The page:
35 Facts About Silver Labrador Retriever

The Silver Labrador Retriever is a medium-sized, long-bodied dog with a large head and expressive eyes. This dog was first bred in Newfoundland from local fishermen’s working dogs. He is known for his intelligence, friendly personality, high energy level, silverish color, and trainability.

In this post, we will look at the 50 facts about silver labrador retrievers.

35 Facts About Silver Labrador Retriever

1. The silver labrador retriever has a silver coat because of the silver gene which is carried by many breeds of dogs including the yellow Labrador retriever and chocolate labrador retriever. A silver lab with two copies of this recessive silver gene will be solid silver, while one copy gives a dog mostly white but with some patches of color, giving it a “ghost” appearance.

2. Dogs with one silver gene are always heterozygous for black and tan (a trait not related to the silver gene). They do not carry any copies of other dilution genes (e.g., liver) that might turn their noses or toes brown if those alleles were also present in a homozygous state; nor do they carry silver.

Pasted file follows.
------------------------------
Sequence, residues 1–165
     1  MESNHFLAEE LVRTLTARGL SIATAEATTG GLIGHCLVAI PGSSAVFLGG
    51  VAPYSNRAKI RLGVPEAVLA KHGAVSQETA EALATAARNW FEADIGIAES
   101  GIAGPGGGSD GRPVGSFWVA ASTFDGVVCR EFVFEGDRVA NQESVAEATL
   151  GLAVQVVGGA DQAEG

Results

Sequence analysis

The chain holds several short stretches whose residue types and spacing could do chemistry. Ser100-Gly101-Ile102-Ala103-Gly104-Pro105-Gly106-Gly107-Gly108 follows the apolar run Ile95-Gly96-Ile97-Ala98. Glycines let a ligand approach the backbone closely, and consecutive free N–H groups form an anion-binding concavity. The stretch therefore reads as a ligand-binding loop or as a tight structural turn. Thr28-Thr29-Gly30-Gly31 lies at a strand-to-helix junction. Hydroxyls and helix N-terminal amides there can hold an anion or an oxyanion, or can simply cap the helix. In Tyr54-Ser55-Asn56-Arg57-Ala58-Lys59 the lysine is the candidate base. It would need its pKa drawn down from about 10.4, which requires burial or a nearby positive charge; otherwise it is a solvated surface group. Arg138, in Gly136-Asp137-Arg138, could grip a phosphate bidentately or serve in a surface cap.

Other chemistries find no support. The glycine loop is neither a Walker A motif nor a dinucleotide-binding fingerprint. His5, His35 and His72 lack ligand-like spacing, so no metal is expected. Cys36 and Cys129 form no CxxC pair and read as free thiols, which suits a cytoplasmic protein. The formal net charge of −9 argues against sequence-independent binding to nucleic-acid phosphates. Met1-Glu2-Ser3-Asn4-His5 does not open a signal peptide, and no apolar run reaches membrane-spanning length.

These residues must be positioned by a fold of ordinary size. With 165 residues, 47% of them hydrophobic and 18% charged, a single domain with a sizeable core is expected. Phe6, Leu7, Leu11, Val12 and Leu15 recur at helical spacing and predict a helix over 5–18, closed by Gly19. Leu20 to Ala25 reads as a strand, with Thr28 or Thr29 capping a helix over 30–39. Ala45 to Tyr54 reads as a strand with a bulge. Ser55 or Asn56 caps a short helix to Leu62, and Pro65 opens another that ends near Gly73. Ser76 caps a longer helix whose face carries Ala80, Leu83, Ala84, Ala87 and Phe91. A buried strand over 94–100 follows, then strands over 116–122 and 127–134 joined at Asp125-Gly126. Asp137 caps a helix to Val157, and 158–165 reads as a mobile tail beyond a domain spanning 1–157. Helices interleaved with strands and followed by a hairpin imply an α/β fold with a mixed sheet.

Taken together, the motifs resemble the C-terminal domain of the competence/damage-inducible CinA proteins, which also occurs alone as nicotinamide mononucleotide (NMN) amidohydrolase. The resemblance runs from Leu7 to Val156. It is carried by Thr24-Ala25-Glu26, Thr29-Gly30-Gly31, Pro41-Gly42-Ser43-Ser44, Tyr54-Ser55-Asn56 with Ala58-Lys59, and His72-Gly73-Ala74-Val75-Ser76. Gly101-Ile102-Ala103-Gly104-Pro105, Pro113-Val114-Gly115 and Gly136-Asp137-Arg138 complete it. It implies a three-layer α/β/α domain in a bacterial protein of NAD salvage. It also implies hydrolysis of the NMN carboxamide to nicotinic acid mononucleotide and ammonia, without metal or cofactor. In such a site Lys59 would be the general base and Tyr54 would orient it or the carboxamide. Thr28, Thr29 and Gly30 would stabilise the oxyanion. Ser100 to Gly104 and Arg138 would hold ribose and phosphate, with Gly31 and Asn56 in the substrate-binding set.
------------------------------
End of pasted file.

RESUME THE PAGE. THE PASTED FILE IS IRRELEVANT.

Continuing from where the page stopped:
3. Dogs with two copies of the silver gene (homozygous for silver), can produce offspring in any combination of black-and-tan, silver, and black-and-tan, or all silver. The number of solid silver versus ghost/party pups is genetically determined by the parents; there are no dominant silver alleles that “shut off” color like in merle dogs.

4. Thus it is difficult to predict from appearance alone what color puppies a silver Labrador will produce when bred to a yellow Labrador. Yellow Labradors are not more likely than silver Labs to carry genes for other dilution colors (such as chocolate) nor to carry genes that can turn a dog’s nose or toes brown.

5. Many silver labrador retriever puppies are born solid silver at birth, but as they grow older and their coats begin to change color their coats lighten over several months from a silver-gray color through various shades of blonde, yellow, and gold until finally settling at the base color of whatever pigment is present (usually black or liver). This is called “color breaking” or “color coming in”, and it can be difficult to predict when this will happen because it depends on environmental factors that cannot be easily controlled, such as temperature.

6. Some silver Labs gain very little additional color throughout their lives; others go through an initial period of slow darkening (or silvering) after about six months that continues for 18-24 months, after which they slowly lighten to the point that they are usually a few shades lighter than yellow Labs; and still others silver quickly but silver slowly or even stop silvering altogether.